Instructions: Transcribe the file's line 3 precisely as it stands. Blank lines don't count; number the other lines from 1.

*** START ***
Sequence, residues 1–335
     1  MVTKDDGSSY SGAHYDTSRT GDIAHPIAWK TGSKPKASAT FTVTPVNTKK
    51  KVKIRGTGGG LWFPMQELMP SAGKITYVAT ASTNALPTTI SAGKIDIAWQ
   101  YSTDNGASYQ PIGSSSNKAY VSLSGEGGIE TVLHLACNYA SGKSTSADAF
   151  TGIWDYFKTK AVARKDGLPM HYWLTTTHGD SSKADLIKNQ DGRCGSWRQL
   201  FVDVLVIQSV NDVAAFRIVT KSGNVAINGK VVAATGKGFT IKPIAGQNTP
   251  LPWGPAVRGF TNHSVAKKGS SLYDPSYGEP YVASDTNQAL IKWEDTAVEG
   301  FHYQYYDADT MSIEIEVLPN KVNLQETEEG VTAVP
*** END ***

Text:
    51  KVKIRGTGGG LWFPMQELMP SAGKITYVAT ASTNALPTTI SAGKIDIAWQ